Having been widely reported about in the media, most IT departments are familiar with the term, why it is the next step in the evolution of networks, and the promise of a networking future freed from the shackles of labour-intensive manual configuration.
Still, there is some debate over how much IT really understands, what the real impacts of an SDN deployment are on the overall IT infrastructure, and what is just hype.
So what is software-defined networking? By moving beyond the intricacies of SDN that are difficult to articulate without a thorough grasp of the technology and look at it in the simplest terms, a software-defined network is one that is intelligent, programmable and automated. To understand what this means in terms of real-world application, it’s best to compare it to how traditional networks work.
The way any LAN, WAN or data centre network manages and directs the data it is carrying is controlled by how each networking device is controlled. These settings and rules determine where the data goes, how quickly the data flows, how the data is checked against security policies, which data is allowed, and which is blocked.
The challenge at present is that network managers are required to configure each device individually, often by physical adjustment. When considering that across a large real estate this will comprise several hundred routers, switches and ports, configuring a network optimally becomes a very laborious process.
The reason each device needs manual configuration lies in the way they are constructed. Each router and switch consists of multiple planes or layers. These include the data plane through which data packets are transferred and the control plane, which controls how data is handled and where network applications are embedded.
As such, network intelligence is dispersed across all devices with no central point of control.
With SDN, the opposite is true with the data, control and application planes of devices being separated. The corollary of this is that intelligence can be kept discrete from the packet-forwarding engine and moved centrally.
With intelligence being moved centrally, devices become programmable, using routers and switches that are configured centrally by a central software programme called a controller.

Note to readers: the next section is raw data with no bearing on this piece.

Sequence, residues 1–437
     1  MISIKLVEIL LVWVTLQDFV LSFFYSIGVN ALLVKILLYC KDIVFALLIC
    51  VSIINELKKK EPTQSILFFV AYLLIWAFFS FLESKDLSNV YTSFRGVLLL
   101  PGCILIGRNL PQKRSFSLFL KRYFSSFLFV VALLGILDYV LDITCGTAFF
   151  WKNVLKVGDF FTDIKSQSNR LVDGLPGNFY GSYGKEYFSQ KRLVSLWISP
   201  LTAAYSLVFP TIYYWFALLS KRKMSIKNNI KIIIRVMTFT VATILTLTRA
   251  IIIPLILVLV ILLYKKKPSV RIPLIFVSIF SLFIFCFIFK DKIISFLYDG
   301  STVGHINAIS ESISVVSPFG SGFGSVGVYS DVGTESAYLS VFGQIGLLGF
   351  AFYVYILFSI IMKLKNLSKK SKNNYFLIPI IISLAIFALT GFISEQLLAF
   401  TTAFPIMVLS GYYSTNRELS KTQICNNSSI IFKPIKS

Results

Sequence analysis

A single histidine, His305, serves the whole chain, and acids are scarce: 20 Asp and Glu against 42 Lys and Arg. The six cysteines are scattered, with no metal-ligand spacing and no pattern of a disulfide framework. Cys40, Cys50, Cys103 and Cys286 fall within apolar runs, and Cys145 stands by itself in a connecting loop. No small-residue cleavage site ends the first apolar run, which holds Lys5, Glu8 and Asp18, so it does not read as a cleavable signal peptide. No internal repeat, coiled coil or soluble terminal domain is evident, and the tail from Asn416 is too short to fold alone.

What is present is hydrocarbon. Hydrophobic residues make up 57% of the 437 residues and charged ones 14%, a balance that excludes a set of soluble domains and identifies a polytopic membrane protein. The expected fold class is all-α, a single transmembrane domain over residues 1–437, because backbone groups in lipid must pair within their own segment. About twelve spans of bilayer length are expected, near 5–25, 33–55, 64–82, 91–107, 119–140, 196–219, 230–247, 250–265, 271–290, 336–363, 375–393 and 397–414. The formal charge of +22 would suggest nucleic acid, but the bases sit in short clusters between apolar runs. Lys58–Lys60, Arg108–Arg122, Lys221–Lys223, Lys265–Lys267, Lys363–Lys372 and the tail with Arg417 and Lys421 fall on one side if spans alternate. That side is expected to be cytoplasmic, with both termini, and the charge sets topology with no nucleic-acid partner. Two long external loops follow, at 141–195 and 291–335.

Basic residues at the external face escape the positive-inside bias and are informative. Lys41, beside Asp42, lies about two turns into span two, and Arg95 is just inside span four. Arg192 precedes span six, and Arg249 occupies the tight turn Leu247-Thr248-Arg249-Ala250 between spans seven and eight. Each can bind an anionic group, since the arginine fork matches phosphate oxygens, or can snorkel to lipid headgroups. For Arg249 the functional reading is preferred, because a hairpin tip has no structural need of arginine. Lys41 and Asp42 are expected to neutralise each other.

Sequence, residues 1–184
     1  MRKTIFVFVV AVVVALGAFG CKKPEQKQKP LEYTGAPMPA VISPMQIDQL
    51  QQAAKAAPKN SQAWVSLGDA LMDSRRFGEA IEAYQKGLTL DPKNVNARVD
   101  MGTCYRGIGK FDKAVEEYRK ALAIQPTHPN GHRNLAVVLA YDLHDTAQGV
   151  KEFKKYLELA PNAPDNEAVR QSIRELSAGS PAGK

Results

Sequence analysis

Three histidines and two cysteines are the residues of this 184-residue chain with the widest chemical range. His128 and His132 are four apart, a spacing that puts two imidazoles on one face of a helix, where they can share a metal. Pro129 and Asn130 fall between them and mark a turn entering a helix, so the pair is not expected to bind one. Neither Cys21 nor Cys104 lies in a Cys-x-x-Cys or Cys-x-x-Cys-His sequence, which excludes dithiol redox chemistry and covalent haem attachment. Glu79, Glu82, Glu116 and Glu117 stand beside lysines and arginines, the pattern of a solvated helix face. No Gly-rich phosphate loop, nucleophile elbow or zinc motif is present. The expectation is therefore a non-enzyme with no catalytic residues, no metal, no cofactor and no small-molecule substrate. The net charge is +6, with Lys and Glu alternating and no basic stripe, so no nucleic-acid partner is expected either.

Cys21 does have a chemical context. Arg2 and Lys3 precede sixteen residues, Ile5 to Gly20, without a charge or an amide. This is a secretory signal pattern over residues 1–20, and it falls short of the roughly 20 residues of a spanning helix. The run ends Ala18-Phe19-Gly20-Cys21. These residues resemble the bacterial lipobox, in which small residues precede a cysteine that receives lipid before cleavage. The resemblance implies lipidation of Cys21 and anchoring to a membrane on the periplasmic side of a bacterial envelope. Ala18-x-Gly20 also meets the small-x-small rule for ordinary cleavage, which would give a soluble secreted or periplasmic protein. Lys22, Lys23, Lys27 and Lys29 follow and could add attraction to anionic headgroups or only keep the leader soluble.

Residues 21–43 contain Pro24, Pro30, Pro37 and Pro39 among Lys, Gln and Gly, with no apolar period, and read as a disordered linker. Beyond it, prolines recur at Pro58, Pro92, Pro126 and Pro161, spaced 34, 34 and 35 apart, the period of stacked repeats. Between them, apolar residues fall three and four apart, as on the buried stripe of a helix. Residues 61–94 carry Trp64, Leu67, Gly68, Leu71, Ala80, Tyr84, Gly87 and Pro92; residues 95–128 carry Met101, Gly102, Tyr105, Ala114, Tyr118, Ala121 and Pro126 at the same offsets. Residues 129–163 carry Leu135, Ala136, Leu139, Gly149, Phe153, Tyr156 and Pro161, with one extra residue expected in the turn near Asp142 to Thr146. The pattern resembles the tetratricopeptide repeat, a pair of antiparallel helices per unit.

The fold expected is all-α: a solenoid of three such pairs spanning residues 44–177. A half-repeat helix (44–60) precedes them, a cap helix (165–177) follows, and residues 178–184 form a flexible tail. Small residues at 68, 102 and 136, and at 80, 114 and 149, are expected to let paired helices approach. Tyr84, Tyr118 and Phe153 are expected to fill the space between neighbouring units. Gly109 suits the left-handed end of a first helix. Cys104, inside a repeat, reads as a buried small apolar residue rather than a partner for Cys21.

By making the network a programmable entity, each individual device can be instantly and automatically configured to enable its own optimal provisioning. The result is that a software-defined network is easier to implement; simpler to control and manage, with less human interaction; and is far more dynamic in accommodating the constantly changing requirements of today’s ICT environments, particularly in data centres.
Nonetheless, uncertainty remains around how this will play out in the market, with promotional and antagonistic forces at play.
Sweeping technology changes rarely come without their fair share of market politics and SDN is no different.
The vast majority of the networking equipment already installed isn’t compatible with SDN. As such, this means that a ‘rip and replace’ approach would be required from those who did wish to make the transition. It goes without saying that this would be an expensive, risky and disruptive process.
The headaches don’t stop there though. There are currently three different approaches to the implementation of a software-defined network, which adds a further layer of complexity:
The first is to use an industry standard protocol such as OpenFlow. This standard was developed by the Open Network Foundation (ONF), an organisation whose members include Verizon, Deutsche Telecom, NTT, Google, Microsoft, Facebook and Yahoo. As an open standard, any OpenFlow-enabled controller can use the protocol in conjunction with any OpenFlow-enabled networking device, regardless of manufacturer. Due to the greater freedom and flexibility this approach affords with regards to network design, it has been championed by smaller vendors and end-user organisations alike.
The second is vendor proprietary APIs, which allow external tools, software and applications to communicate with the infrastructure. These APIs expose the maximum functionality of a vendor’s devices, as proprietary APIs are limited to devices from that specific vendor. While flexibility may be limited, they represent a potentially advantageous option for organisations operating in a single-vendor environment.
The third is to implement virtual network overlay. This is software that functions on top of the physical network, while also providing programmability and central control. This is of particular use in data centre environments where each network can have different configurations and can be moved anywhere within a data centre, or between data centres, while the virtual view remains the same. Virtual networks function in the same way as virtual server environments, providing flexibility and instant scalability.
With this in mind, how should organisations proceed when deploying software-defined networks?
The dynamic nature of technology progress is understandably resulting in end-user organisations having a tough time evaluating which is the best way forward for them. Perhaps the greatest piece of advice is to remember: Every organisation is unique and so is every network.
An information superhighway for one business may be a cul-de-sac for another. It is of utmost importance to first understand the technical implications of software-defined networking and the benefits it may hold for the business before all else.
Enterprises need to gain a clear view of their network’s current readiness state, and identify a desired ‘to-be’ state. From there they can then define a clear roadmap of how to get there over time.
Sourced from Gary Middleton, Dimension Data